We helped an Aboriginal woman to successfully resolve a case against the Mid North Coast Health District for the birth trauma she experienced at a local hospital.
Our client had a very rapid delivery. During the labour, she suffered a perineal tear which a midwife diagnosed as “second-degree.” However, a review by an obstetrics and gynaecology registrar showed she had in fact suffered a fourth-degree tear.
The proper practice following such a significant injury would have been to repair the injury in a hospital operating theatre, but this did not happen. Instead the registrar repaired the tear in the birthing suite leading to a very sub-optimal result.
Three days after the birth, our client was discharged from the hospital. This was inappropriate for a number of clinical reasons. It was not until 10 days after the birth that the extent of the tear that occurred during labour was detected.
On examination, the registrar’s repair of the tear was found to be deficient, the surgical wound broke down and our client developed a rectovaginal fistula. She had to endure several more procedures – both day procedures and operations, and needed a temporary colostomy.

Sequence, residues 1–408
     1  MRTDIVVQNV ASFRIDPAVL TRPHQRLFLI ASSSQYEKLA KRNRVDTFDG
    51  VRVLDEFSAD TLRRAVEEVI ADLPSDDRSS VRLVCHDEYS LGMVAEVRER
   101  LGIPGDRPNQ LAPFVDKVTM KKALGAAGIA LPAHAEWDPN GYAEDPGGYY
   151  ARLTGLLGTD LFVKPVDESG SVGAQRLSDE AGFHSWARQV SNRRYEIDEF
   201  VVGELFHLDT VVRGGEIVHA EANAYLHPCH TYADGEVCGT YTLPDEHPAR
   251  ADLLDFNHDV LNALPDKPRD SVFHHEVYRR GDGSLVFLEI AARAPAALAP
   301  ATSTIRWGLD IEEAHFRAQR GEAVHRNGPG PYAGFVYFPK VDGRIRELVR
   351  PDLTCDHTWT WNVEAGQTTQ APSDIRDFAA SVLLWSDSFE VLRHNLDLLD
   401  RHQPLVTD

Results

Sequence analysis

Seeking justice for her injuries
Our in-house nurse had worked as a midwife and was able to assist our health law team to quickly get to the crux of the case. She knew from her midwifery experience that the way in which the tear had been managed was not clinically appropriate. She helped us establish the case in negligence and ask the right questions of the doctors we engaged as experts.
We used the opinions of a colorectal surgeon, a urogynaecologist and a clinical psychologist to prepare the case.
We argued that if the tear had been repaired properly in the first instance that the rectovaginal fistula would probably have been avoided.
Our client claimed that a number of her operations and procedures would not have been necessary had the tear repair been done appropriately. She suffered unnecessary pain and suffering which was often debilitating. She had to learn how to use a colostomy. We also argued that she should be compensated for her psychological distress as her coping mechanisms had been tested to the limit.
Given our client’s youth, the nature and extent of her injuries, the ongoing pain, interference with her enjoyment of life and her work, and the prospect of further surgery and its uncertain outcome, we successfully sought and obtained significant compensation.
If you or a loved one has experienced injuries as a result of birth trauma, our caring, expert female lawyers can help advocate for you and seek justice. Please talk to us about the options available to you.